Here's an example of groupings and subgroupings for general management competencies:

Supervising and leading teams.

Provide ongoing direction and support to staff. Take initiative to provide direction. Communicate direction to staff. Monitor performance of staff. Motivate staff. Develop succession plan. Ensure that company standards are met.

Recruiting and staffing. Prepare job descriptions and role specifications. Participate in selection interviews. Identify individuals' training needs. Implement disciplinary and grievance procedures. Ensure that legal obligations are met. Develop staff contracts. Develop salary scales and compensation packages. Develop personnel management procedures.

Make sure staff resources meet organizational needs. Training and development.
Deliver training to junior staff. Deliver training to senior staff. Identify training needs. Support personal development.

Develop training materials and methodology. Managing projects/programs


Prepare detailed operational plans. Manage financial and human resources. Monitor overall performance against objectives. Write reports, project proposals, and amendments. Understand external funding environment. Develop project/program strategy.

You may need to add levels for each competency. This is particularly useful when using the framework for compensation or performance reviews. To do so, take each competency, and divide the related behaviors into measurement scales according to complexity, responsibility, scope, or other relevant criteria. These levels may already exist if you have job grading in place. Validate and revise the competencies as necessary For each item, ask these questions:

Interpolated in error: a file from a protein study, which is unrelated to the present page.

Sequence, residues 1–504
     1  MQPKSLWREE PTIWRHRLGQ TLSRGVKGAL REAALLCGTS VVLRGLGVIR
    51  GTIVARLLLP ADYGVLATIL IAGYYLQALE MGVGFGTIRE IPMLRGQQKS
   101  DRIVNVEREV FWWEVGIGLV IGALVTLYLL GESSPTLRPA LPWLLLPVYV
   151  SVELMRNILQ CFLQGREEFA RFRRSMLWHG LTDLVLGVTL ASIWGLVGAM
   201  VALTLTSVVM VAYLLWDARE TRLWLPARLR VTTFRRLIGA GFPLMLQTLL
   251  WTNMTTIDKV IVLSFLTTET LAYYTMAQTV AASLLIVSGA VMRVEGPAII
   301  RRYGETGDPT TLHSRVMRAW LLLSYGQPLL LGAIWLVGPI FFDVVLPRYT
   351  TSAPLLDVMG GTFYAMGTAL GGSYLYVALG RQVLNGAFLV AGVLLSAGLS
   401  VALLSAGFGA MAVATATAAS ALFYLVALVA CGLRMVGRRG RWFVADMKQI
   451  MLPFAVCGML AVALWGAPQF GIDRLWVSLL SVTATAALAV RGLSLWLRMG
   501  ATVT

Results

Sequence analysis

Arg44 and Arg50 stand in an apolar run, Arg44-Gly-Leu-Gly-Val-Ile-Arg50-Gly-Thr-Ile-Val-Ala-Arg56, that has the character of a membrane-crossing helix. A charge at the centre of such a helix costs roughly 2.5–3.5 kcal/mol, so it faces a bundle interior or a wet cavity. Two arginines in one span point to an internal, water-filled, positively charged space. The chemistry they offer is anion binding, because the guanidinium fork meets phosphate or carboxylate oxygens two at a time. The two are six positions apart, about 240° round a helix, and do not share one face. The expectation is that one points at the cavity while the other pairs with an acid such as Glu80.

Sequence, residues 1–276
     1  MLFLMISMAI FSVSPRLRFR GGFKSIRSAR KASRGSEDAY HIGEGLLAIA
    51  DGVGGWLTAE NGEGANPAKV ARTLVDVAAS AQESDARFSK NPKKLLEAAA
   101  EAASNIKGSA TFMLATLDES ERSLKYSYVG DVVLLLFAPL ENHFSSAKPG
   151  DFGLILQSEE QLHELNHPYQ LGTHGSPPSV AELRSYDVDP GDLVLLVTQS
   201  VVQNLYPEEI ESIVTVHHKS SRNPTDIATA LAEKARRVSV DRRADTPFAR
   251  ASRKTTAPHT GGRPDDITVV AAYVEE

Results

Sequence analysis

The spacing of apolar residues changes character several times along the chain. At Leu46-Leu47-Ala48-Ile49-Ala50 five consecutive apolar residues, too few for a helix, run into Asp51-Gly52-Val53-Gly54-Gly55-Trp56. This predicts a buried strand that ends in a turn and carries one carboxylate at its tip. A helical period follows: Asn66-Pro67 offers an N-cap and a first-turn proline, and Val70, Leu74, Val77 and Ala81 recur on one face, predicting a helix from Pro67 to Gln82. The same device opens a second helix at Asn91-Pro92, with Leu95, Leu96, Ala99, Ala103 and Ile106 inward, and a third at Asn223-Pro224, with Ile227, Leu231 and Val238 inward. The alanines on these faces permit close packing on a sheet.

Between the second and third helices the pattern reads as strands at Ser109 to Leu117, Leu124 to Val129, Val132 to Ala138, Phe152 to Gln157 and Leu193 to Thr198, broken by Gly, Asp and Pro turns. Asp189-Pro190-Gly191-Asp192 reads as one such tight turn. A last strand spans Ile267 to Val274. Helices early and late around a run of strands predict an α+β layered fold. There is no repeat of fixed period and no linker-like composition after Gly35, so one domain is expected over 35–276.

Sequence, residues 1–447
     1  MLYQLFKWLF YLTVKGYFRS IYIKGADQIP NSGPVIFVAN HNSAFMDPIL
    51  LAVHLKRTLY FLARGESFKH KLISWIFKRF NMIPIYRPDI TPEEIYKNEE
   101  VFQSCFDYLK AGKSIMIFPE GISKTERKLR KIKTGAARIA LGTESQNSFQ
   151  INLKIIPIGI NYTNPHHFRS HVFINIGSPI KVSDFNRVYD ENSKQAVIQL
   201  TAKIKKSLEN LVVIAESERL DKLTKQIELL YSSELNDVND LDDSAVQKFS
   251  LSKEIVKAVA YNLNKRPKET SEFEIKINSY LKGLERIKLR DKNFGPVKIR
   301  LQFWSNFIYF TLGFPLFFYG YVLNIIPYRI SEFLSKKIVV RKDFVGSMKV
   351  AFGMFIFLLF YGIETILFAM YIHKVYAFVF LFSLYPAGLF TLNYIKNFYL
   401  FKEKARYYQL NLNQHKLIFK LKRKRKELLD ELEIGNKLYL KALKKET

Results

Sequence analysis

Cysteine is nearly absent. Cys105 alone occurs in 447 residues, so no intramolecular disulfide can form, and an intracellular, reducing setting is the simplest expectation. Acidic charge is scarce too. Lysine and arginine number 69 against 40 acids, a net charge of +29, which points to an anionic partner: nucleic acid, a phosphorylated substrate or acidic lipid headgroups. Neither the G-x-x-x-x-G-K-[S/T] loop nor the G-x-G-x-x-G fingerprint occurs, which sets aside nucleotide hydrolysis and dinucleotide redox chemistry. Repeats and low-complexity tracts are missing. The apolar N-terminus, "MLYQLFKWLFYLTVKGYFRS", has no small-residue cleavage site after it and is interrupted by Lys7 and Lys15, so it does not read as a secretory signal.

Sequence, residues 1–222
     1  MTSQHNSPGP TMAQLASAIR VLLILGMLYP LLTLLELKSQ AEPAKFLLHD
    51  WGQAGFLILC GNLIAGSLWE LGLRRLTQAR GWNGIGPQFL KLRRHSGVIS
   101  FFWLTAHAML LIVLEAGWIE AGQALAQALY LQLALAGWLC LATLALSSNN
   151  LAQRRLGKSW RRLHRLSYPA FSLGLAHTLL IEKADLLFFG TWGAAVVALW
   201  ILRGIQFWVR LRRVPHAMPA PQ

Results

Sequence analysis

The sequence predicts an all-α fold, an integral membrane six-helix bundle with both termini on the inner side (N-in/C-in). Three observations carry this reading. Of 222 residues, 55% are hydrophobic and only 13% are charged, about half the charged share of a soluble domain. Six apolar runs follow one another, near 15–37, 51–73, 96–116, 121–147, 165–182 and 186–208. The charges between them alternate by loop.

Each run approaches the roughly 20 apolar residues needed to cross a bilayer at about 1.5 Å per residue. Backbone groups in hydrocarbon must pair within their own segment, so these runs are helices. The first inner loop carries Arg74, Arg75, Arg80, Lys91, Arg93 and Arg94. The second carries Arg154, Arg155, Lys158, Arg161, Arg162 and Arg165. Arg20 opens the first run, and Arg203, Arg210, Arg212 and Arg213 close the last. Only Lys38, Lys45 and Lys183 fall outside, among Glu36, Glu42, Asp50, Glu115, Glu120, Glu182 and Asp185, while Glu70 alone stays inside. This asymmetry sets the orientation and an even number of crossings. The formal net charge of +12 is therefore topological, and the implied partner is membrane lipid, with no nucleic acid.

Is this behavior demonstrated by people who perform the work most effectively? In other words, are people who don't demonstrate this behavior ineffective in the role? Is this behavior relevant and necessary for effective work performance?

These questions are often asked in the form of a survey. It's important to look for consensus among the people doing the job, as well as areas where there's little agreement. Also, look for possible issues with language, or the way the competencies are described, and refine those as well.

Step Four: Implement


As you roll out the finalized competency framework, remember the principle of communication that we mentioned earlier. To help get buy-in from members of staff at all levels of the organization, it's important to explain to them why the framework was developed, and how you'd like it to be used. Discuss how it will be updated, and which procedures you've put in place to accommodate changes. Here are some tips for implementing the framework: Link to business objectives Make connections between individual competencies and organizational goals and values as much as possible. Reward the competencies Check that your policies and practices support and reward the competencies identified. Provide coaching and training Make sure there's adequate coaching and training available. People need to know that their efforts will be supported. Keep it simple Make the framework as simple as possible. You want the document to be used, not filed away and forgotten. Communicate Most importantly, treat the implementation as you would any other change initiative. The more open and honest you are throughout the process, the better the end result and the better the chances of the project achieving your objectives